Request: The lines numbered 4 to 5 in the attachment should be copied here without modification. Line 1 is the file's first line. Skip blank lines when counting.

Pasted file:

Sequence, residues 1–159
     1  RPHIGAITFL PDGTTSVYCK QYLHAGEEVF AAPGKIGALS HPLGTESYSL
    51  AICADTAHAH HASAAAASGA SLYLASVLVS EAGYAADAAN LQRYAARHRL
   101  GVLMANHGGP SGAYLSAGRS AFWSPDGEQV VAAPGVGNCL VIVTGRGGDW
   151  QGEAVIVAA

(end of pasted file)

   101  GVLMANHGGP SGAYLSAGRS AFWSPDGEQV VAAPGVGNCL VIVTGRGGDW
   151  QGEAVIVAA